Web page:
But now we are in Savanna, and we seek Jerry at his second venture, the Iron Horse Social Club. We pull up and park across the street. Dozens of Harleys line the curb. We walk in to what is really a museum. There are more than 120 feet of antique bars and countless antique and unusual motorcycles. I want to take time to look more slowly, but Jerry takes us on a whirlwind tour. It is really too much to take in quickly. Jerry has had this bar open for about one and a half years. The antique store down the street has been his for 18. What a wonderful ride this would be from Rockford for all you weekend Harley adventurers–it is only about an hour and 15 minutes.

He takes us upstairs to another whole floor of much the same thing. People are lined up to get tattoos from the three tattoo artists. Then we pile in my van to go back up to the road to where he has the bars stored. As we drive back north, we get glimpses of this most beautiful part of the Mississippi. When we get there, he shows us two bars, one deco bar that I am not interested in, and another older one that he has committed to someone, but may again become available. That one suits my fancy, and I tell him so. He says to call him about it when I get serious. I tell him that I have to sell my restaurant in Rockton first before anything. We drive back to the Iron Horse to have a drink.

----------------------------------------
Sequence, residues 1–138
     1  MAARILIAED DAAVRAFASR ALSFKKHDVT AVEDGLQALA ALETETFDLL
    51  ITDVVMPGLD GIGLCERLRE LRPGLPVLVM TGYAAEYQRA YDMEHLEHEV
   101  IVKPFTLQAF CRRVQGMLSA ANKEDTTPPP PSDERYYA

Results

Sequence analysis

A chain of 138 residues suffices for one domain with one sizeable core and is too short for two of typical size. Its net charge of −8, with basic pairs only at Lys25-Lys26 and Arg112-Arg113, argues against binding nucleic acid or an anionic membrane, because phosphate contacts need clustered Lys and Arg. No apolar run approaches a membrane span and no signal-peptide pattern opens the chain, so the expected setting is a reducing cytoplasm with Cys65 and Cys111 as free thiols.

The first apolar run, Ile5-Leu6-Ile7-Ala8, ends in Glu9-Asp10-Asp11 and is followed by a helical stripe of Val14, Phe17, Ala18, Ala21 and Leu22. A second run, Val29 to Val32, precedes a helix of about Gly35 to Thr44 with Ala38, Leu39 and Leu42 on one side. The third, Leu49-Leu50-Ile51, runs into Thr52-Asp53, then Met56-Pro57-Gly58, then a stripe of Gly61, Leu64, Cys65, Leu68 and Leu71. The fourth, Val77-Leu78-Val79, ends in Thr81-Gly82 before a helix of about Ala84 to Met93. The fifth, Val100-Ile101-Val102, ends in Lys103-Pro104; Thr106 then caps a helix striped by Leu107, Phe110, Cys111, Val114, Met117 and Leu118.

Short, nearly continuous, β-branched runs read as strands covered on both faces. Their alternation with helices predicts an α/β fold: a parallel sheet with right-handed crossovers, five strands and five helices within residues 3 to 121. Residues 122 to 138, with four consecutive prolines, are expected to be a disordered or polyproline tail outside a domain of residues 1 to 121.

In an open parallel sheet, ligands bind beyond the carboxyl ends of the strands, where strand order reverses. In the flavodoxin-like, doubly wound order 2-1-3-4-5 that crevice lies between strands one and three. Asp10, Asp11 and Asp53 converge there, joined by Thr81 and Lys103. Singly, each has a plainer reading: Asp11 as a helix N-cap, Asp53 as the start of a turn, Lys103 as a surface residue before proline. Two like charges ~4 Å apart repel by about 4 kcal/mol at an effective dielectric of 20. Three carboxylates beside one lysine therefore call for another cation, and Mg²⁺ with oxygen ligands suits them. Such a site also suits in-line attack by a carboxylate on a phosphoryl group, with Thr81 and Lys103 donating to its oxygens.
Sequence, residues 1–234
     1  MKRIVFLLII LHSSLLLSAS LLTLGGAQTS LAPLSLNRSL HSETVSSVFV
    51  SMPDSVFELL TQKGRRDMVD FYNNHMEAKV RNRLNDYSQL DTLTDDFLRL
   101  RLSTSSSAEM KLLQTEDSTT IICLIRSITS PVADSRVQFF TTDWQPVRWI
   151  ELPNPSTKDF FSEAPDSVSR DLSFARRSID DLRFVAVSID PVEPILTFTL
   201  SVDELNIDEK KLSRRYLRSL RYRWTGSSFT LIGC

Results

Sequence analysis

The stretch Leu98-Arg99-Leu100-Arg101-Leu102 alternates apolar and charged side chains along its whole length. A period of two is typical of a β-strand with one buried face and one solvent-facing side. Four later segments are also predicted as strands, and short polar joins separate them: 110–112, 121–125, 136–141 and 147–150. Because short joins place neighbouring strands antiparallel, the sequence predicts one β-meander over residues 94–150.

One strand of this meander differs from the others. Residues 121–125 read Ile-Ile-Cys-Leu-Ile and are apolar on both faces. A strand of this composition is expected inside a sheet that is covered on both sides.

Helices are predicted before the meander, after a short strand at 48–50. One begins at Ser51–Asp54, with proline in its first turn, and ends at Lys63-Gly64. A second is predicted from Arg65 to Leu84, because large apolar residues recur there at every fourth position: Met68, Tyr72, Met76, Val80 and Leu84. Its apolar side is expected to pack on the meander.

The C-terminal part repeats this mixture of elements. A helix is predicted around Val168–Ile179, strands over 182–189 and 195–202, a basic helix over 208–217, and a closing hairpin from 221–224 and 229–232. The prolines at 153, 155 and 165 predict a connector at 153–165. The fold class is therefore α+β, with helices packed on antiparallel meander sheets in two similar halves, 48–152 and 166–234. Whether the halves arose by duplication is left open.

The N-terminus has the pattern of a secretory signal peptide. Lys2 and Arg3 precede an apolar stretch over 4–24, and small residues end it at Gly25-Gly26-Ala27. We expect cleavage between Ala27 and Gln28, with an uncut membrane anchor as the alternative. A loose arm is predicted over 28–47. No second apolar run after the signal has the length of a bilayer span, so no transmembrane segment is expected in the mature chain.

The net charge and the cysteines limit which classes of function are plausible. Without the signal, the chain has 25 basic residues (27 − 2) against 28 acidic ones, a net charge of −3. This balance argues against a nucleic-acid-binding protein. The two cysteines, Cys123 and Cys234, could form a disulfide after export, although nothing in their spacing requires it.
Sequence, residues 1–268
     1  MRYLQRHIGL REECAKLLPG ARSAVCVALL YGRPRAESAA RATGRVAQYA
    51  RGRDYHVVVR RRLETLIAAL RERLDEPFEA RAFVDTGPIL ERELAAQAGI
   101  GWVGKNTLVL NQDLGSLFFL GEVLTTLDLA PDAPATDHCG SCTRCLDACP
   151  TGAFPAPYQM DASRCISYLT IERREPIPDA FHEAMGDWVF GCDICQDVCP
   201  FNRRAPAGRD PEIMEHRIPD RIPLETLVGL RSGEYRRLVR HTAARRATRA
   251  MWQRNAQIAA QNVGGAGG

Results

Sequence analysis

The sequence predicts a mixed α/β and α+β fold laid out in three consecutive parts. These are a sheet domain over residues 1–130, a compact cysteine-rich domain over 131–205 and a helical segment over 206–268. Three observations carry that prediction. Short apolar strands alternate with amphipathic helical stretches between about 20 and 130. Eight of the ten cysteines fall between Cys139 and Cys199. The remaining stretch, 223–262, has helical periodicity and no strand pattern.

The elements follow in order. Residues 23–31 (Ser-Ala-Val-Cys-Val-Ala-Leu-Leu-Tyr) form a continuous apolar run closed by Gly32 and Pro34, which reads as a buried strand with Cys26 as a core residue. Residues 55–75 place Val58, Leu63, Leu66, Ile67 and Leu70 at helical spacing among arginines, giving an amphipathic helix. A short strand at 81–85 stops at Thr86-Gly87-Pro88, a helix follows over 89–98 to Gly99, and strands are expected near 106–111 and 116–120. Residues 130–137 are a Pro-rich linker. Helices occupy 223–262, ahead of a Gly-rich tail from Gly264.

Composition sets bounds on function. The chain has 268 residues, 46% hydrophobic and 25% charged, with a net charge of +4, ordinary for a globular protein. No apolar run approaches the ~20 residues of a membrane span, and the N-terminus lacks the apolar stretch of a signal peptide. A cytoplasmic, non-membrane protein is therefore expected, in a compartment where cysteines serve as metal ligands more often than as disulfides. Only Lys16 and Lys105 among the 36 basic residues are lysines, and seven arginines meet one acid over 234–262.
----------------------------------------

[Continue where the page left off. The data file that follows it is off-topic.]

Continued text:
At the Iron Horse, we sit and converse. I can’t get over this guy’s energy. He always seems to have some new project. My friend Jon is in antique heaven. Jon tells Jerry about his antique house, and they indulge in heavy antique talk. Jerry tries to feed us buffalo burgers, but it is too soon after our lunch at Schiro’s. Then Jon and I decide we need to get going. Jerry is sorry to see us go. I think he was genuinely enjoying our company. I know I was enjoying his.

Back in Rockford, our slow Friday has turned out to be a not so slow Friday after all. The place is buzzing and full of life. But I am too tired to hang out. I climb the ship’s ladder to my apartment, where Eric Olson is installing a new bathroom floor. The entire place is cover with dust. I look out at the flag above the Faust Landmark. It is still blowing south bringing the cool summer weather that has been such a blessing. Between the earthquakes and the cool weather at night, it has been like living in San Francisco. Now if they would only open our street.

Owner of the Irish Rose (Rockford) and Irish Rose North (Rockton) restaurants, Mike Leifheit’s “Hanging Out In Rockford” reviews locally-owned restaurants, businesses and Rockford life. These columns are also available on his Web site: IrishRoseRockford.com and featured on WNTA talk radio AM 1330.